Robert Schumann (1810-1856)

Symphony No. 3 in Eb Major - The Rhenish (1851)

1. Lebhaft
2. Scherzo
3. Nicht Schnell
4. Feierlich
5. Lebhaft

Robert Schumann was a driving force in the early romantic musical movement at the beginning of the nineteenth century. His work is always deeply personal and frequently inspired by literary and other external sources and events. As a youth he read poetry and literature extensively, and, in addition to music, he wrote many articles, journals, diaries and letters. For much of his career, he was better known as a music critic than a composer. He completed many diverse musical works, including symphonies, songs, chamber music, piano and choral music, and he usually worked in intense bouts of feverish inspiration.

In 1850 Schumann was appointed Municipal Music Director in Düsseldorf in the heart of the Rhine land, a post he did not hold for long because of his lack of ability at conducting. He wrote the Rhenish symphony as a tribute to the good-natured outlook of the people in his new home. It was premièred on the 6th February 1851, with Schumann himself conducting. It was received with great enthusiasm, and has remained one of the most popular of his works. It was in fact the fourth of the symphonies that he wrote, but was the third to be published. It is an exhilarating piece throughout, using a large orchestra. It breaks from traditional classical forms, especially in the inner three movements, having less clearly defined sections and more motivic development.

The title was added by the publisher, Fritz Simrock, to whom Schumann had said that it "mirrors here and there something of Rhenish life". The Rhine has always occupied an important place in German legend, art and song. Schumann himself had previously composed "Rheinlieder", and had for some time considered writing a Rhine land symphony. However, with the exception of the fourth movement, he left no indication of the symphony's actual programme. One can speculate that the first movement, marked 'Lebhaft' (lively) is an invigorating picture of the mighty river and its varied scenery. The second movement, marked Scherzo, has the character of a German folk dance - the Ländler. The third movement is an intermezzo, written with poise and delicacy.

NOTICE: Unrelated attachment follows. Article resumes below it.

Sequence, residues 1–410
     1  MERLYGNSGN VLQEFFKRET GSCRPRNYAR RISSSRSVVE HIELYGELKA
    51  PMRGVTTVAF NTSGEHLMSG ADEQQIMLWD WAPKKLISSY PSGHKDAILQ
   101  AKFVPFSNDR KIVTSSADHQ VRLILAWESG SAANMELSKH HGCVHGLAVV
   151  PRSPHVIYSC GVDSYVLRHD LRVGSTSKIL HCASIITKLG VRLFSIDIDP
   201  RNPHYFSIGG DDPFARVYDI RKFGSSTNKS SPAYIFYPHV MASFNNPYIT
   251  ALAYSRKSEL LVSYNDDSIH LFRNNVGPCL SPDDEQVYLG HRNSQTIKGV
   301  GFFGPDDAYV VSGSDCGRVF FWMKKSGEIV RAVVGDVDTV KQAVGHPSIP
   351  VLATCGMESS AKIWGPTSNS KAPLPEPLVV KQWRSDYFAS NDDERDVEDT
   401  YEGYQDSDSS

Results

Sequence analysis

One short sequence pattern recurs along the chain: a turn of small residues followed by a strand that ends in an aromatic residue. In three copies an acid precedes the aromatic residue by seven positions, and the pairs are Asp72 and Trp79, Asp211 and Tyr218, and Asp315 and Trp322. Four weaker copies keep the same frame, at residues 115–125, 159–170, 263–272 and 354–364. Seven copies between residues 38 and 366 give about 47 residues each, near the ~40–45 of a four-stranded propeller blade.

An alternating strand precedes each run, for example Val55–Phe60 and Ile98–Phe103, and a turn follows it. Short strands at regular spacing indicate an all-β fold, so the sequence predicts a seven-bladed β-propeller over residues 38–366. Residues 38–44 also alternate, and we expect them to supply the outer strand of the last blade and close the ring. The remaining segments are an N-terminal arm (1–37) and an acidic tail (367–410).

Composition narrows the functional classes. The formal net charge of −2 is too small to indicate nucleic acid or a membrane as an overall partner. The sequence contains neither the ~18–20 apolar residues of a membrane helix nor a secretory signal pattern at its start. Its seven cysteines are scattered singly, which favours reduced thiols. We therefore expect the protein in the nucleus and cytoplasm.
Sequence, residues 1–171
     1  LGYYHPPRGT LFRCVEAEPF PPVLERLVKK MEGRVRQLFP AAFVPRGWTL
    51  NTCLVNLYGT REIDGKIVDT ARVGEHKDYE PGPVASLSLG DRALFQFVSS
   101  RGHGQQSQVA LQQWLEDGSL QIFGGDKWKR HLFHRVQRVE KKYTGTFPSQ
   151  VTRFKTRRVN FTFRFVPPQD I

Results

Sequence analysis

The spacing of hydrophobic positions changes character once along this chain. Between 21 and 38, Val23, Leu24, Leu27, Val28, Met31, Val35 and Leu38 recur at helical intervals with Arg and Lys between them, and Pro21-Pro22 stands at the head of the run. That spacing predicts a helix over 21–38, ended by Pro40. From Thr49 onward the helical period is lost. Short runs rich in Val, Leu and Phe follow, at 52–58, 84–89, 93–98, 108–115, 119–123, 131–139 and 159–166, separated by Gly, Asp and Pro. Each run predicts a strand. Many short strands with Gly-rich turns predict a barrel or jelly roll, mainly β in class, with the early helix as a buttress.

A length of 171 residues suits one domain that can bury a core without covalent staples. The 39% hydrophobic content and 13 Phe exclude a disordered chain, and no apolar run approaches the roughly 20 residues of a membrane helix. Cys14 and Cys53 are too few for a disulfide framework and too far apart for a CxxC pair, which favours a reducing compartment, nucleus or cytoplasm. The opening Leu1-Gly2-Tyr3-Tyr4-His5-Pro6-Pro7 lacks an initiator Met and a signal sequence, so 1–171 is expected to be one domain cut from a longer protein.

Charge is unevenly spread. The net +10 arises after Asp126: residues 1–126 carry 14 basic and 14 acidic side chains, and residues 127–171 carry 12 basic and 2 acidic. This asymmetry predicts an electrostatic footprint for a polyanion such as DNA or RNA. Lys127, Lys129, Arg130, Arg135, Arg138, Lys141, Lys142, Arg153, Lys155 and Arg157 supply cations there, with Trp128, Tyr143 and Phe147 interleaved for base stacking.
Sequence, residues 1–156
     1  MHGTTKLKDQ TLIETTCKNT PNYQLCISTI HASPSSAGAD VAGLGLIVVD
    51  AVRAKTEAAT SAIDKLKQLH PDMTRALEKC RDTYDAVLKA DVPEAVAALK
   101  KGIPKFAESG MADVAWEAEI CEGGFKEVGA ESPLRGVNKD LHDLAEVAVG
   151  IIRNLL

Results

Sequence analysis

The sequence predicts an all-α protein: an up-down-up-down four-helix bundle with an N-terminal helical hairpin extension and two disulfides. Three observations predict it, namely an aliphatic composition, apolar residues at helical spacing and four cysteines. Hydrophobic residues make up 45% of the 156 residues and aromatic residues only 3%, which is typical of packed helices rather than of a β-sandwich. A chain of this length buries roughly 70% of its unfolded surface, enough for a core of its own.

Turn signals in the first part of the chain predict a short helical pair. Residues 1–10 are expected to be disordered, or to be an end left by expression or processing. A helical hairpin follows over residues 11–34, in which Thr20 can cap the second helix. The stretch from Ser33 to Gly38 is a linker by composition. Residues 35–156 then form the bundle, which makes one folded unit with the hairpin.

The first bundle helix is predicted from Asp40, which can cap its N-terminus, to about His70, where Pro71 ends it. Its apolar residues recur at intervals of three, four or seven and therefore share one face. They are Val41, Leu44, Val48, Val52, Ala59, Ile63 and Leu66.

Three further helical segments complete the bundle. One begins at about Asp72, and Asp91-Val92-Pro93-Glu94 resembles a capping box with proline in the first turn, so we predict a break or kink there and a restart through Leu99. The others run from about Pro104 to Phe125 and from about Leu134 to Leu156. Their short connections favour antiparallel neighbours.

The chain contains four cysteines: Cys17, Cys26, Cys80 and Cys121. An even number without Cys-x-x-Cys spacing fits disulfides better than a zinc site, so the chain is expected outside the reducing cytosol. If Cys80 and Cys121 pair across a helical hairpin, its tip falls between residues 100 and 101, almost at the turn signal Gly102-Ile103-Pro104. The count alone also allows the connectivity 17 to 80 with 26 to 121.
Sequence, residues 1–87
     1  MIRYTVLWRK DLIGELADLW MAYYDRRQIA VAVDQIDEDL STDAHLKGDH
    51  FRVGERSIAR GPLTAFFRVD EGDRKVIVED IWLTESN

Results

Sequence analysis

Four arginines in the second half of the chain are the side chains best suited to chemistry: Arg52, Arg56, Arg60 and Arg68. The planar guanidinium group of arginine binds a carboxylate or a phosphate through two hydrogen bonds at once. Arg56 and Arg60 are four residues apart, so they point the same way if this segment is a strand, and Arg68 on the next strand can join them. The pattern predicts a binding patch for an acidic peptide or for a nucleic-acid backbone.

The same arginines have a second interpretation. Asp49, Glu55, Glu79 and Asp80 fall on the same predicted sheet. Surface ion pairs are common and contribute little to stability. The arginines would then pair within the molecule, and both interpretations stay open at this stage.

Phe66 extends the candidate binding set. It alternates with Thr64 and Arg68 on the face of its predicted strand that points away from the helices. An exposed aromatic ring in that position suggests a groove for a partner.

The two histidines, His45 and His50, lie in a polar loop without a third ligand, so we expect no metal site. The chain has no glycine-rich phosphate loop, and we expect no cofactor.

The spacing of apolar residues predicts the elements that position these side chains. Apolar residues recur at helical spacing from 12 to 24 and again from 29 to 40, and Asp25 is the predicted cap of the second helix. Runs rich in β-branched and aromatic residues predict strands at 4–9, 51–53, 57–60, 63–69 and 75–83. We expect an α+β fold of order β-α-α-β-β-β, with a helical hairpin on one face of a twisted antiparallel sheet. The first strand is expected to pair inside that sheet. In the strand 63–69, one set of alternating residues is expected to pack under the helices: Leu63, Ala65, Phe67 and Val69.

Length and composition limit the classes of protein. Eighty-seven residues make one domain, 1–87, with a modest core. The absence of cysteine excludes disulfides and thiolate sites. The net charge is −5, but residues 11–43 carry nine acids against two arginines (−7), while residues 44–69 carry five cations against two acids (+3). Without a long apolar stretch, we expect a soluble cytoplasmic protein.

The magnificent fourth movement was inspired by a ceremony in Kőln Cathedral, which Schumann had attended, in which Archbishop Johannes von Geissel was elevated to the rank of cardinal. The music evokes not merely the ceremony, but the awesome grandeur of the cathedral. It is one of the most striking and original of all his works, using a rising theme that, like the cathedral, seems to reach towards the heavens. Three trombones are used to create a great sense of solemnity and grandeur.

The final fifth movement returns to the energetic mood of the first. Near the end it refers back to the music of the fourth movement as if taking a last distant glimpse of cathedral spires.

The Rhenish symphony was the last major work to be completed by Schumann. Sadly, by 1854 his mental health deteriorated considerably. One night he rose and left his bed, telling his wife Clara that Schubert and Mendelssohn (both long dead) had sent him music that he must write down. That night he wrote his last work, a set of five variations for the piano on one of his own themes. Soon after this, on February 27, he attempted suicide by throwing himself from a bridge into the Rhine. He was rescued by boatmen and taken home. He then asked to be admitted to an asylum, where he remained until his death on the 29th July 1856. He was buried at the Zentral Friedhof in Bonn.

The Rhenish symphony was performed by the Portobello orchestra on the 14th March 2009, conducted by Anthony Weeden.